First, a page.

(Editor’s note: This is the second in a series of articles offering “best practices” suggestions for the hiring process in the independent agency. More information is available at iiat.org under Agency Management.)
After a long search, your agency has finally found the right employee. Intelligent, the right attitude, solid background. So what do you do with them now? There is so much they need to learn, but how do they get there?
Several common challenges face an agency with a new employee. One, the agency needs to help settle the employee in. Second, anyone new to insurance won’t understand enough about the industry to benefit much from formal education tracks offered by the state association or other training organizations, at least not for some weeks or months. So, what to do with them in the meantime? And three, agencies want to get new employees at least somewhat productive as soon as possible, to actually do some work, but what can they do when they know only little?
Most agency owners are excellent at sales and the technical aspects of insurance, but few except perhaps the largest have any staff with experience in human resources management or training. What these agencies need is a fast, easy, common sense approach to orienting a new employee to our industry and the agency.
First, the agency needs to confirm for the new employee that the decision to take the job wasn’t a mistake. The employee needs a sense of comfort in new surroundings. Too many businesses neglect this step, impatient for an immediate contribution by the new hire. To be fair, the employee wants to contribute too. Meeting this challenge doesn’t have to be difficult, but it must be deliberate. Checklists can help with human resource issues and computer systems, but those chores are only part of it. Conversations with new co-workers, department heads and the big boss are desirable, and can help reinforce that the agency was glad to have them on board and has expectations for their future. The agency culture needs to be reinforced with face-to-face conversations.
A new employee needs to get settled into a new workspace, learn people’s names, learn how to make a call, a copy or a cup of coffee. They may need to become familiar with the part of town they now call home eight to 10 hours a day. Honestly, agencies that expect a new employee to make contributions from day one, or week one for that matter, are probably dreaming. And just how much contribution can a person new to our industry make the first weeks anyway? Sure they could be taught to produce certificates of insurance fairly quickly and put to work, and that might help with a backlog, but is that such a good idea? Besides the E&O issues, such assignments, if that’s all they were given for their first weeks, would probably send the wrong signal that this is their future. I’d run, wouldn’t you?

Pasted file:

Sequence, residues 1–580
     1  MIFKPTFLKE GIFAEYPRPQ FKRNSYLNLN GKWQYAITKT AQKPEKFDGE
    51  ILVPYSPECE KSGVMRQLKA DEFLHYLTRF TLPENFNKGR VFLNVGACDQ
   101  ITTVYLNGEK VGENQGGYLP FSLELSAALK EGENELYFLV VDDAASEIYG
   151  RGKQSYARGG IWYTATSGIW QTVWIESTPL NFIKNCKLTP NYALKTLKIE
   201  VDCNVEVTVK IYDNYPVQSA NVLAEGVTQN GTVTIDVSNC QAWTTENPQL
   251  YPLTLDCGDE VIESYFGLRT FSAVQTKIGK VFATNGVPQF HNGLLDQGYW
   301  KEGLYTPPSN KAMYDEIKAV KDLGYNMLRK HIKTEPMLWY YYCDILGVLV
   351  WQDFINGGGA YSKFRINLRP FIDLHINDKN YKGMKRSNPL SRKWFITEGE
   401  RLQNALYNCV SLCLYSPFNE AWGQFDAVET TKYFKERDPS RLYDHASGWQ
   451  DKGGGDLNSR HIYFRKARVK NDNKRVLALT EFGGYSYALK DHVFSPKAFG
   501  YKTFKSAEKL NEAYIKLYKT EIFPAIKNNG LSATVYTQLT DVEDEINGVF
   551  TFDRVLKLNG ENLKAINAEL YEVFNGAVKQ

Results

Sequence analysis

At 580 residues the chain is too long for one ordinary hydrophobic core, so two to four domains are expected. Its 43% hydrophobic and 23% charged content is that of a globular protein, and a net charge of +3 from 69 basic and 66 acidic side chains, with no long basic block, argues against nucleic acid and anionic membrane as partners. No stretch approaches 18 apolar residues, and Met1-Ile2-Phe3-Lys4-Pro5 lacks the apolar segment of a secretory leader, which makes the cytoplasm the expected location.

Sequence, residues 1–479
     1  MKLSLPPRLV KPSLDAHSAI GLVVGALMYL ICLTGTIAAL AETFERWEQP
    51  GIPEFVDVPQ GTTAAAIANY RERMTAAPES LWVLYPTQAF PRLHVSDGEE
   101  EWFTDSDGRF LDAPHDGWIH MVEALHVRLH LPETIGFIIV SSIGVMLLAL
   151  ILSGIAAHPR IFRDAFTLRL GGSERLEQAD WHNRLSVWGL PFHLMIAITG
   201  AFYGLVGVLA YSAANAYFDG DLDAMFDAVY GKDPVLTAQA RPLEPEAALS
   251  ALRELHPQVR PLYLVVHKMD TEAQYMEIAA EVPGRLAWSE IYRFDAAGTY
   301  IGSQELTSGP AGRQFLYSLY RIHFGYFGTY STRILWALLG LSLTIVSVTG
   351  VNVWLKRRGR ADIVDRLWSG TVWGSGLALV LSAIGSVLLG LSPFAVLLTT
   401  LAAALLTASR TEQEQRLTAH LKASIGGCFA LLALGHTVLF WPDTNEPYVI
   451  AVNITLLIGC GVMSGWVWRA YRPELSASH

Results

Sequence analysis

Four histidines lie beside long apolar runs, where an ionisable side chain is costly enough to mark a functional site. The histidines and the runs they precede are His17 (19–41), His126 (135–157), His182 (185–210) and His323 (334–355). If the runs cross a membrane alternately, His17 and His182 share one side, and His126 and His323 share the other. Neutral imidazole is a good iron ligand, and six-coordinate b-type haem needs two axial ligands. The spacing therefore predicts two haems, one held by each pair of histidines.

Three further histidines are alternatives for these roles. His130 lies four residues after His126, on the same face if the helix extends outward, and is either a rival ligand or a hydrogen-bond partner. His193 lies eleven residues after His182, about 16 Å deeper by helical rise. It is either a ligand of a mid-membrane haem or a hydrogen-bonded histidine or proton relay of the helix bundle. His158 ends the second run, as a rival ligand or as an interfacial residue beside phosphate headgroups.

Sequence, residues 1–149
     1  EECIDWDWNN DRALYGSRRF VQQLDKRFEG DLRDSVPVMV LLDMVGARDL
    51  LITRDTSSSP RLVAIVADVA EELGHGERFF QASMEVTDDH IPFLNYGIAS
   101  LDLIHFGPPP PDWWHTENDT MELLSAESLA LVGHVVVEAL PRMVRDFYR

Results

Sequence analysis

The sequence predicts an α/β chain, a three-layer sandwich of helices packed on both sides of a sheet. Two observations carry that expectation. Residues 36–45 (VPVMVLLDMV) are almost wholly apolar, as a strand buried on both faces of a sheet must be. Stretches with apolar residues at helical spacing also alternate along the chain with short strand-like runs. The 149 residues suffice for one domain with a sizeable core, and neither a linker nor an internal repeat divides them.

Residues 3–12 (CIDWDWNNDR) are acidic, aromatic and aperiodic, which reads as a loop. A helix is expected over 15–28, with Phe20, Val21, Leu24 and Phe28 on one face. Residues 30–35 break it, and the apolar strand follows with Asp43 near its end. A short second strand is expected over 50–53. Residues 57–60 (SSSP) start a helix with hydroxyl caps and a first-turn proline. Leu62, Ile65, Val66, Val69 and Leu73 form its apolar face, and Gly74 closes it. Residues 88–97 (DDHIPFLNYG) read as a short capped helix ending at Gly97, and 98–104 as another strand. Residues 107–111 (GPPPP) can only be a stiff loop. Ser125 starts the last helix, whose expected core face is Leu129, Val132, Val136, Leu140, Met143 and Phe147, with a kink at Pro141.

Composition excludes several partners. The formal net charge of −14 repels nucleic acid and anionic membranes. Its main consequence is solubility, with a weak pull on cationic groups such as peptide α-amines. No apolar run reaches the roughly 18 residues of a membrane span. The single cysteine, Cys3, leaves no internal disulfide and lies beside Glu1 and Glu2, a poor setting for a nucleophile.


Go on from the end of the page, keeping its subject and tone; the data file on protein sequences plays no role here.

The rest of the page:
Slow down and think about the practical things a new employee needs during the first few days. Speak clearly about mutual expectations; talk about the first few weeks, and make a plan and a schedule for their orientation. Agree on these with the new employee. If you can make them comfortable with shared goals, you’re ahead.
Next, a new employee needs to learn the basics of the industry in small bites, with background and context. As an educator, I am frequently discouraged when I meet people who have been in the business for a year or two, learned many things, become somewhat productive, but have little or no context to understand what they are doing every day. Sure, they can carry out assignments given to them (probably due to intellectual capacity or well-thought-out procedures), but apparently, no one seems to have taken much time to teach them the who, what, where, and most important–the why.
Answers to these can be found using two methods, neither of which is very speedy. The first way is for experienced persons–mentors–to talk to them frequently, answering what seem to be silly questions and sharing background. Intelligent people can draw common sense conclusions regarding work that needs doing in an agency when they properly understand the why of procedures and workflows. Too few mentors take the time.
The second way is for the employee to be given time to read good publications on the history and basics of our industry. This method takes time, but frees up more time for the mentor. Many good readings have been published over the decades, many by the American Institute for CPCU/IIA. One example is How Insurance Works, a book I frequently recommend to Texas agencies as part of IIAT’s online New Employee Orientation Guide. A new employee doesn’t have much to offer at first, so I recommend using their first days and weeks to learn context, as well as tasks.
Finally, agencies need systematic ways to acquaint new employees with procedures and workflows, for the sake of both efficiency and E&O loss control. For this chore, there is no magic method or procedure, but there are common sense principles that can be applied. People learn how to do things through explanation, observation, practice and evaluation. Each of these elements ideally should be applied when learning any new procedure. From how to input an application to putting together a submission to how to process a claim, a new employee needs to understand what to do, see it done, be given the opportunity to practice it and receive feedback. The more systematically an agency can break down the critical procedures and allow each to be learned in an appropriate order, the quicker and more successful orientation will be.
Paul Martin is director of education for the Independent Insurance Agents of Texas. He can be reached via e-mail at firstname.lastname@example.org.
Was this article valuable?
Here are more articles you may enjoy.